The U.S. House of Representatives has voted to gut key provisions of a banking reform law enacted during former President Barack Obama’s first term.

Members of the lower chamber voted 233 to 186 last week to pass a bill known as the Financial Choice Act. If implemented, the legislation would weaken the Dodd-Frank Act of 2010, which lawmakers passed following the 2008 financial crisis.

The bill was introduced a year ago by Rep. Jeb Hensarling (R-Texas), chairman of the Financial Services Committee.

Despite the House victory for Republican lawmakers, the bill in its current form isn’t expected to survive in the Senate.

“It is clear that Republicans in the House of Representatives want to dismantle the major legislative response to the financial crisis and Great Recession,” says Mark Hamrick, Bankrate’s senior economic analyst and Washington bureau chief. “What is not clear is that the Senate is prepared to go along with the House bill, in part because the GOP margin in the upper chamber is smaller.”

What Dodd-Frank opponents and proponents say

Dodd-Frank was designed to protect Main Street and prevent future financial crises. It led to the creation of the Consumer Financial Protection Bureau, an agency committed to supporting consumers and managing complaints about financial products and services.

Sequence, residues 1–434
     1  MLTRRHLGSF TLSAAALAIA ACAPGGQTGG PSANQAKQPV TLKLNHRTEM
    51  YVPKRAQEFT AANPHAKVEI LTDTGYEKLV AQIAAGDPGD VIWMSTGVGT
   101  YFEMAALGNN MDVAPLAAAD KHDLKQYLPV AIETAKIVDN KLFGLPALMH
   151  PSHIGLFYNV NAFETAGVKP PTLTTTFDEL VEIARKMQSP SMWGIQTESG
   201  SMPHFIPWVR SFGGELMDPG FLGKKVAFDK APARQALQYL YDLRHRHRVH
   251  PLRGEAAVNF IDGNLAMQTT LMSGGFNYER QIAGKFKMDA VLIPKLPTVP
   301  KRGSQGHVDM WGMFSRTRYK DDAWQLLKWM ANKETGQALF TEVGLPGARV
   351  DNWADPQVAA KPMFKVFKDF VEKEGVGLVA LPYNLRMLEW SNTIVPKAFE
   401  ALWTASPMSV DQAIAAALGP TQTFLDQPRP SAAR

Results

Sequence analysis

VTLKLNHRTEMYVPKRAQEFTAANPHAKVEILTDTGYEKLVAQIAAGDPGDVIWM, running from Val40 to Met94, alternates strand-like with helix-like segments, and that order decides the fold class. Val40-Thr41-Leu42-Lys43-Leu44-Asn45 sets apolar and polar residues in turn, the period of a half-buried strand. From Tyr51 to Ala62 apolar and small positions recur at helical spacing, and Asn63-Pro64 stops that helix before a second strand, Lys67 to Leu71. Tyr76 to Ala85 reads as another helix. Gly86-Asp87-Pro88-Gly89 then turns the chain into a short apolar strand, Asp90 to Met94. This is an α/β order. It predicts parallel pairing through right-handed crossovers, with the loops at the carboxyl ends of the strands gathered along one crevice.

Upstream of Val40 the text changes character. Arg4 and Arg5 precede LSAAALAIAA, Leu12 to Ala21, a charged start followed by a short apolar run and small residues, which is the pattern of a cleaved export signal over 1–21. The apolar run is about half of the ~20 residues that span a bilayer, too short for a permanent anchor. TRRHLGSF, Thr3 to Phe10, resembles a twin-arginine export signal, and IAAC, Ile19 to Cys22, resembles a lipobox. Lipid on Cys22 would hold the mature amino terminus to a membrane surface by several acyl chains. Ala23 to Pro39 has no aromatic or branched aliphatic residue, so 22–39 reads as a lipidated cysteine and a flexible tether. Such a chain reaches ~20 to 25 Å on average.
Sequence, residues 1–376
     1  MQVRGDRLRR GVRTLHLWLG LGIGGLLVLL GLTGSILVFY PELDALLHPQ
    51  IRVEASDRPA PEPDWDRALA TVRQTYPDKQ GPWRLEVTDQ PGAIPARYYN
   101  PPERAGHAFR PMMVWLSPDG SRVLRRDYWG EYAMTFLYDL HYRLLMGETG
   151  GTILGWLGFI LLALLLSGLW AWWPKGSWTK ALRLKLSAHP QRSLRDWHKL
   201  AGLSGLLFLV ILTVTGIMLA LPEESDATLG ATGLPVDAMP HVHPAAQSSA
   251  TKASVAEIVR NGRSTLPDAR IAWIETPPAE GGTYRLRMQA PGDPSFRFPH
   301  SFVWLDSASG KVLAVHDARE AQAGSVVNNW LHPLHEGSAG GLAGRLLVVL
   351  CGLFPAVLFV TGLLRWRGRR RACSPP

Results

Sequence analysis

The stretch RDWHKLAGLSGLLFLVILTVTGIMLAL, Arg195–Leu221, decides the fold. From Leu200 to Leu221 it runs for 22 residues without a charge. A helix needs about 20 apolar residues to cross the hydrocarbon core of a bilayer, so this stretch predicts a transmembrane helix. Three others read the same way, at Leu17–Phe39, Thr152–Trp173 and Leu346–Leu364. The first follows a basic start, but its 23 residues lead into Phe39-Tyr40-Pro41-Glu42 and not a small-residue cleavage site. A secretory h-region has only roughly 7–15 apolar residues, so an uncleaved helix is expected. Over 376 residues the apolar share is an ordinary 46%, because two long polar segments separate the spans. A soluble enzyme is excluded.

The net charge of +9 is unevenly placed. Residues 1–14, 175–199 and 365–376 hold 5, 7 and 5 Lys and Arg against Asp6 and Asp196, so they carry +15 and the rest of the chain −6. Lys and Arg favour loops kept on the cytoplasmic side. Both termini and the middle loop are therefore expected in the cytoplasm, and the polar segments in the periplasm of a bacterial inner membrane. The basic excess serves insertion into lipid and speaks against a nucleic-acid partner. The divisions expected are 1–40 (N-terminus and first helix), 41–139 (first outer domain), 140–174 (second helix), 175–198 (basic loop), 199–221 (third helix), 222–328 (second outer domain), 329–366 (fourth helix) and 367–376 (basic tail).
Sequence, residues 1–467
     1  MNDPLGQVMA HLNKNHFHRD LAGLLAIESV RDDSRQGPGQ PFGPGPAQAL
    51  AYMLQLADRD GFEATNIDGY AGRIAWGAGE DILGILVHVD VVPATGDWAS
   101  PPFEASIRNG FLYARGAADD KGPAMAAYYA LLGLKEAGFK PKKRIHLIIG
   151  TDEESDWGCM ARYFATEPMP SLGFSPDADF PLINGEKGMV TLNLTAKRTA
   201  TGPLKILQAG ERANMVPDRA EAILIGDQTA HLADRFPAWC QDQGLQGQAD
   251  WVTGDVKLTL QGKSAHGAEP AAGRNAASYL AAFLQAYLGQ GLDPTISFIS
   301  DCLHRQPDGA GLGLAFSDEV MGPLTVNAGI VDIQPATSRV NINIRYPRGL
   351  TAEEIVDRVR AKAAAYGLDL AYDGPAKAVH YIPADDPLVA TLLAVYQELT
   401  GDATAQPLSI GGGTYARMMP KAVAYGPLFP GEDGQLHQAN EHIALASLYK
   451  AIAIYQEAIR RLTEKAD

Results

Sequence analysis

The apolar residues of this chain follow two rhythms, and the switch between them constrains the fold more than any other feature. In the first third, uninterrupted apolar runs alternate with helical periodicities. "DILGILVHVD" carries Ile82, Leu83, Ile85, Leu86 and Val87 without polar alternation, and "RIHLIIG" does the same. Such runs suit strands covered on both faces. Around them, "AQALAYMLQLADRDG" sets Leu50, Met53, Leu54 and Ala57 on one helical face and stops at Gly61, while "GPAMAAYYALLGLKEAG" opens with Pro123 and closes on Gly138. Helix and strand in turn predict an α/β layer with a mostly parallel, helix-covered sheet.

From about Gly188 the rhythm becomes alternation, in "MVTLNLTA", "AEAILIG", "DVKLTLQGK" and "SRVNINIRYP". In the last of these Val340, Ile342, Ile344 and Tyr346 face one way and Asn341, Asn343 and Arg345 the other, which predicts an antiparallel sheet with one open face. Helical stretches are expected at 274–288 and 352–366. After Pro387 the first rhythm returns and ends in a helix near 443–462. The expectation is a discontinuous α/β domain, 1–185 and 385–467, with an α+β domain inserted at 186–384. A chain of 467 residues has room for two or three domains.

But many people oppose Dodd-Frank.

Republicans say the law encourages big-bank bailouts. Many, including House Speaker Paul Ryan, argue that eliminating it would create job opportunities and boost the economy.

Critics also claim that Dodd-Frank hurts community banks and credit unions. By forcing them to meet unnecessary guidelines, opponents of the law say it stifles small businesses and limits access to capital.

Supporters say dumping Dodd-Frank would put consumers at risk and lead to more Wall Street bailouts. Furthermore, it could result in another major economic meltdown.

Rolling back banking regulations

The Financial Choice Act aims to overhaul the country’s financial system. It could bring regulatory relief to small banks and require input from the Trump Administration and Congress before implementing costly new rules.

The legislation would eliminate the fiduciary standard — which forces retirement advisers to put their clients’ best interests first. That’s why it’s key to find an adviser who will work for you.

The bill also would kill orderly liquidation authority, which created bankruptcy procedures for banks considered too big too fail.

It would also limit the capabilities of federal agencies such as the CFPB. Congress could make cuts to its budget and President Trump could fire its director for any reason.

What it means for consumers

The House vote is only the first step toward dismantling Dodd-Frank. Heads of the Comptroller of the Currency, the Federal Reserve and the Federal Deposit Insurance Corp. would have a say in the matter as well. But some of those positions haven’t been filled.

Consumers have little to worry about at this point. But a complete Dodd-Frank repeal could have long-lasting effects. It could limit access to consumer protections and unbiased retirement advice.

“Consumers should be concerned about ongoing efforts, both in Congress and in the administration, to dismantle regulations in wholesale fashion,” Hamrick says. “There’s broad agreement that Dodd-Frank could use some fine-tuning. That doesn’t mean that the proverbial regulatory baby should be thrown out with the bathwater.”